07 March, 2014

Intellectual Property Law and Sports

As an avid fan of a number of sports, this writer for one understands the importance which it carries, not only to individuals who enjoy watching and rooting for their favorite teams and players, but for the organizations who benefit from fans engaging in their sport. Even though sports in general enjoys a massive following all over the world, its relation to intellectual property can allude the layman, and just how much teams and players can have invested in their particular organization or brand.

Probably the clearest example of intellectual property and sports teams being intertwined is their ownership of several trademarks, relating undoubtedly to their name, logos and the like, if possible to register. Such an example is the football club Manchester United, who own trademarks in their logo, name and their respective variations. Issues relating to trademarks and football clubs have gone as far as the European Court of Justice in Arsenal v Matthew Reed, only adding to the clear importance these types of marks carry for teams.

Even the equipment which is used in a variety of sports can be patented. Examples of this are old patents for a basket ball from the 1920s, and a patent for the manufacture of a baseball bat from 1902. As one can imagine, incredibly popular sports such as the above, can produce quite the monetary incentive to lock down the production of a certain essential piece of equipment. In addition to the equipment used in games, apparel used can be, and has been, patented. Basketball shoes and football pants have been patented in the early part of the 20th century. Much like the equipment themselves, the sale of apparel can be quite lucrative, with basketball shoes alone yielding over 2,7 billion dollars under Michael Jordan's name. Something which often does not come to mind as a patentable subject matter in relation to sports are the rules of the sports themselves. The rules of American football were patented in the 1980s, and the game ping-pong was patented as early as 1902.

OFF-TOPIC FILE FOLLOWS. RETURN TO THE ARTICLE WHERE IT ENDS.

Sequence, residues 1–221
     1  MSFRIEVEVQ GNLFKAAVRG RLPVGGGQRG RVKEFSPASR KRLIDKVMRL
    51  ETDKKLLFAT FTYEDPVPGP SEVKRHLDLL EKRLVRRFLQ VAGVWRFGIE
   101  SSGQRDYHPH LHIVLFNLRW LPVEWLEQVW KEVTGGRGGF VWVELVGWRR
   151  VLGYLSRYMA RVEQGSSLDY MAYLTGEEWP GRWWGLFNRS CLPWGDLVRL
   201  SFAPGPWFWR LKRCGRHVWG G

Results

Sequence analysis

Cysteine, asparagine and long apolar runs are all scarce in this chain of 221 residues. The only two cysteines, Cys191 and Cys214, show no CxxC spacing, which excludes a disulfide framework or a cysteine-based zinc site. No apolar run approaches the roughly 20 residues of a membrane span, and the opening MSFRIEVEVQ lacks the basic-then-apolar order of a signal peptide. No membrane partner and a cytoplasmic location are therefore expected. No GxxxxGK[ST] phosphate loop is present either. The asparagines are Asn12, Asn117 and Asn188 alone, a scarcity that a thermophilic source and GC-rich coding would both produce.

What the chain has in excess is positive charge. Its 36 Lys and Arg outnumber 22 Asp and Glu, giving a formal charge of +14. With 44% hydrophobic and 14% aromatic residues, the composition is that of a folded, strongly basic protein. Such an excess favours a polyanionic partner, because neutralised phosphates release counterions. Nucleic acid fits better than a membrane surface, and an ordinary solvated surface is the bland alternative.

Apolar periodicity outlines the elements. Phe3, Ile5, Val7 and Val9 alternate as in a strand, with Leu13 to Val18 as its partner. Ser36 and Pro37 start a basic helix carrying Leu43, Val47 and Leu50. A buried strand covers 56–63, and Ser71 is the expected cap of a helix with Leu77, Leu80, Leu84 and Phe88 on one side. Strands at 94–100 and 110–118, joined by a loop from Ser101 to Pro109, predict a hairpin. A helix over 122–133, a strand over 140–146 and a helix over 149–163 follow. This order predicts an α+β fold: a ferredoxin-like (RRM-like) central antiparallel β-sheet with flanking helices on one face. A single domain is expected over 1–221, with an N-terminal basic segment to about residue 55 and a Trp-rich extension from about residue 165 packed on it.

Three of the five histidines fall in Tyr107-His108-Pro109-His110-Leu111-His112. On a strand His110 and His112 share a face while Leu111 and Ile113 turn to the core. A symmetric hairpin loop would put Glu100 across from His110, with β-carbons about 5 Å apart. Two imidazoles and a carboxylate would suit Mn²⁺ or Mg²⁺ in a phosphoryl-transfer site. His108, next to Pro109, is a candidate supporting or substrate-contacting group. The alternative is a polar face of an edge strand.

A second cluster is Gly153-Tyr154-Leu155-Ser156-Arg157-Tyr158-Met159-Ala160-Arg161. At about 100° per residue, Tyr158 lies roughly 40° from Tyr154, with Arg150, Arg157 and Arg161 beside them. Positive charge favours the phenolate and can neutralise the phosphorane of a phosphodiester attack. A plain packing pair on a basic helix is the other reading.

On a more specific level intellectual property can even protect the personalty of athletes. These are what are called 'personality rights', which exist in the majority of common law countries for example. In the US, States have independent laws which protect personality rights, as opposed to a nation-wide federal law, such as in California. These rights protect the image of a celebrity, which includes the image of professional athletes in sports. This protection can extend to protect the person's image being used without authorization for the sale or promotion of goods or services.

A much lesser known, and more recent, instance of where one can see intellectual property law and sports collide, is in relation to tattoos (something which has been discussed more extensively on this blog before). A very minor issue, and something which will not be noticed by many, but goes to show just how nuanced the relationship between law and society can be, even when talking about sports.

As you can very well see, intellectual property has its place even in sports. What has been said above is only a slight overview, with much more to discuss on a more in depth scale, so if this piques your interest, please do read more about the subject.

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